Who lives in a house like this?

One of the joys of National Trust membership is the opportunity to visit interesting and significant places and to find out about their connected people. And whilst I do enjoy palatial mansion houses, wild coastlands, countryside, and castles it can be the quirky and lesser-known places that can prove the most pleasant of surprises. I visited two such houses in London in recent weeks

2 Willow Road is part of a terrace of three houses in Hampstead, London designed by architect and furniture designer Ernő Goldfinger and completed in 1939. It was one of the first Modernist buildings acquired by the Trust, giving rise to some controversy. Goldfinger lived there with his wife Ursula and their children until his death in 1987.  The construction using concrete and a facing of red brick. A number of cottages were demolished to allow for the construction, which was strongly opposed by a number of local residents including novelist Ian Fleming and politician Henry Brooke. Did Fleming’s rage possibly lead to inspiration for the name of the James Bond villain Auric Goldfinger some twenty years later?

It is a wonderful house, giving insight into the life of this unique Hungarian born architect and his Artist wife and family with modernist architecture (controversial concrete even then!), some great and extremely valuable modern art and some interesting and somewhat eccentric bespoke furniture.

I was left thinking a couple of discipleship thoughts. Firstly, how easily we as people and the Christian church use the term ‘Modern’ without a lot of thought and secondly, I wonder what imprint and legacy we leave in the spaces and places that we occupy? What do others see about us?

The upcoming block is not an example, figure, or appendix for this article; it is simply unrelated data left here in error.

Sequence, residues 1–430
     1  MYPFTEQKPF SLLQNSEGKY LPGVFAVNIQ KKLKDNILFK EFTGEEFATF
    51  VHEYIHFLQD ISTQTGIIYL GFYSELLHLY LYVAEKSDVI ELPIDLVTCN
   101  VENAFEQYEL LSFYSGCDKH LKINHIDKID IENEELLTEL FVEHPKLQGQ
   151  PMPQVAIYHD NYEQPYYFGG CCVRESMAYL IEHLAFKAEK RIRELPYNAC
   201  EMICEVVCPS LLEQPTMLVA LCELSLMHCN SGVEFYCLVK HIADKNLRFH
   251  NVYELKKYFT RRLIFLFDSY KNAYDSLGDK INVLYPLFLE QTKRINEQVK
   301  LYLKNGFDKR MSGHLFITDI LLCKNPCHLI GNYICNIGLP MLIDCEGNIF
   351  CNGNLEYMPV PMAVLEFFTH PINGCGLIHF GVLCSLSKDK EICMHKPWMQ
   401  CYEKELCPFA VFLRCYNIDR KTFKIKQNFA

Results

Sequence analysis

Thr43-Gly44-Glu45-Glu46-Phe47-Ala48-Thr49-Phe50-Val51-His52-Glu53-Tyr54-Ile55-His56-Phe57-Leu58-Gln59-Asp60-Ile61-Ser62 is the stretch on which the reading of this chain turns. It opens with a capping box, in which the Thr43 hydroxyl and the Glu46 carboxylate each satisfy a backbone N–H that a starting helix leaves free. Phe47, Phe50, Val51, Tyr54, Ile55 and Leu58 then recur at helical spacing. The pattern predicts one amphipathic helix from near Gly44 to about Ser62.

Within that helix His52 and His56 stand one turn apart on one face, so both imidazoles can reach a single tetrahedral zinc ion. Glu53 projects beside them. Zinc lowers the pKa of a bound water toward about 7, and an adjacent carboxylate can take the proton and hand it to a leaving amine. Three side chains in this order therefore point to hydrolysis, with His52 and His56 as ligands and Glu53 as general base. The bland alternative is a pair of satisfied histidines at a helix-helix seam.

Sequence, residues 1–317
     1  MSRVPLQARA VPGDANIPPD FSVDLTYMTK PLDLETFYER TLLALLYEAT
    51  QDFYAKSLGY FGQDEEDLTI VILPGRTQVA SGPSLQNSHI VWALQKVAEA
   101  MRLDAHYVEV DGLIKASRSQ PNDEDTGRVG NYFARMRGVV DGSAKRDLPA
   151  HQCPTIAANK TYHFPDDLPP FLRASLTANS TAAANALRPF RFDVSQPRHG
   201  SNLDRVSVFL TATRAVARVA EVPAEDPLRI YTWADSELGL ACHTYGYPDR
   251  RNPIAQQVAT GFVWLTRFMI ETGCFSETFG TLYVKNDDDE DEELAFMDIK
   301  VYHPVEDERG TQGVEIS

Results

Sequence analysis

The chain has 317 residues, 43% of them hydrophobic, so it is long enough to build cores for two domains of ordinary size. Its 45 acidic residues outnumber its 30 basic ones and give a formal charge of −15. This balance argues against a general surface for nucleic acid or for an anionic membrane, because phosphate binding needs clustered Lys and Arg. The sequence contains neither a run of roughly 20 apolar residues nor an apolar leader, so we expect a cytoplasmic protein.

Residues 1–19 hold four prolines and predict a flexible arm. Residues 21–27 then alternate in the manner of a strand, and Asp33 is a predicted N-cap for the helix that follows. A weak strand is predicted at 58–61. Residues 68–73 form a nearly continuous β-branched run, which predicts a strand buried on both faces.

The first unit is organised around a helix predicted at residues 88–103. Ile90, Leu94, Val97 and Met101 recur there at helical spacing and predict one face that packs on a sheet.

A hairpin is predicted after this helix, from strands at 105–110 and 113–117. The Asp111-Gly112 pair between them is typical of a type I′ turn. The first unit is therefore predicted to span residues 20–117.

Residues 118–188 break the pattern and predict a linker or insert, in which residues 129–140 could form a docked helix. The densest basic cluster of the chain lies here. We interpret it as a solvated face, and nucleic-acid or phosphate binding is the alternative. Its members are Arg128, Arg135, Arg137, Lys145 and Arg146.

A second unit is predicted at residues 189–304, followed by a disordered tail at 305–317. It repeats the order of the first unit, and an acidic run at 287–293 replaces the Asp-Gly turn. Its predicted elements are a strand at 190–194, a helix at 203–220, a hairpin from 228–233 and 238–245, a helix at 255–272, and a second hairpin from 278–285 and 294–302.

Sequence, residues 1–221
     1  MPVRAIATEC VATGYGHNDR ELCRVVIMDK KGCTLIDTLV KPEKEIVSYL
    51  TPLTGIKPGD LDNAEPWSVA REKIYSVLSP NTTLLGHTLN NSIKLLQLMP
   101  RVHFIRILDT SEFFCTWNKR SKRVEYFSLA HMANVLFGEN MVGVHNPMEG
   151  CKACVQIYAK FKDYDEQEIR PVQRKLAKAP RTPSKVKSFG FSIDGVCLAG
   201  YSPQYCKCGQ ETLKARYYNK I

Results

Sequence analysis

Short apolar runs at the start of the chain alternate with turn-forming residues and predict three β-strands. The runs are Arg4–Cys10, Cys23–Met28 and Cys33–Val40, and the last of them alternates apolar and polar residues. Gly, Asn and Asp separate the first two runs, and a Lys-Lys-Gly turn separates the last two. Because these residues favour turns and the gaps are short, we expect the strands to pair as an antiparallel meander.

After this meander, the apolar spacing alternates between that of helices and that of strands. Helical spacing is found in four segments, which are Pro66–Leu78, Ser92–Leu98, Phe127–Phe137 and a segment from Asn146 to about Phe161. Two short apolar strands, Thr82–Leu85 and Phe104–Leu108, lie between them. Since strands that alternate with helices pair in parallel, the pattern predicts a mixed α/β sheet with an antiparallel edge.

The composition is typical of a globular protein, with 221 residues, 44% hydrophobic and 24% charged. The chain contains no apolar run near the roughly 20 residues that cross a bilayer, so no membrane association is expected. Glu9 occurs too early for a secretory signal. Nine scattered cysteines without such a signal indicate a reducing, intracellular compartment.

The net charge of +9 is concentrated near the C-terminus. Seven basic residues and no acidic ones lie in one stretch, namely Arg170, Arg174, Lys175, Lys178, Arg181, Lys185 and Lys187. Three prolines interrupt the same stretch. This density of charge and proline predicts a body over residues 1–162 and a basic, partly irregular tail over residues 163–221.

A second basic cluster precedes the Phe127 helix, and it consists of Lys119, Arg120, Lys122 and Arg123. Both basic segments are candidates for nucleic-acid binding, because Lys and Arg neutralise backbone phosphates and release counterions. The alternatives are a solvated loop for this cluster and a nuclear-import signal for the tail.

That leads me neatly to 575 Wandsworth Road, London, home of Kenyan poet and civil servant Khadambi Asalache until his death in 2006 (and pictured here). Following his death he left it to the National Trust, which opened the house as a museum for pre-booked guided tours. Normally the National Trust only accept a property if it comes with money attached but they made an exception in this extraordinary case and raised the funds to take care of it and open it to the public.

Asalache bought the “two-up two-down” Georgian terraced house in 1981, paying less than the asking price of £31,000. The property was in a poor state of repair when he bought it, having previously been occupied by squatters. For 20 years, he intricately decorated the entire interior of the house with Moorish-influenced fretwork which he cut by hand from discarded pine doors and wooden boxes. The woodwork was augmented by illustrations of African wilderness, and his collection of 19th-century metallic glazed pottery known as ‘lustreware’. It is simply amazing, as was the well-informed and passionate guide who was clearly was grateful for her dream job. I had never heard of this man before visiting the house, you might like to look him up!

Lots to think about here but to mention a couple of take-homes for my discipleship. Asalache left instructions that mobile phones or cameras were not to be used by visitors to the house at any point in the future. He wanted us to be present in the in the moment rather than recording it and I am personally grateful for that! Secondly, he left all his pencil marks on the wood after making all the marks and cuts and chose not to rub them out. If one looked carefully, one could see his working as well as quite a few clever hidden design, patterns, and figures. This made me think of my school life back in the day, when it was drummed in to me ‘show your working!’ I really think it is true that the most fruitful Christian discipleship is one that is transparent, showing how it has been worked out bit by bit. We are never the finished article, are we? well I am certainly not! All of it can point to God’s redeeming and transforming work on us and in us (Isaiah 64:8) so let’s not neglect this part of our lived-experience as we journey on with Jesus.

SHARE THIS POST

MORE TO EXPLORE

Blog

Well Played Sam!

I have been thinking recently about how the things we say and do can affect other people in more ways than we often realize or intend. In recent years the word ‘triggering’ has come into

Blog

Who lives in a house like this?

One of the joys of National Trust membership is the opportunity to visit interesting and significant places and to find out about their connected people. And whilst I do enjoy palatial mansion houses, wild coastlands,

Privacy Policy

Website designed by FM Graphics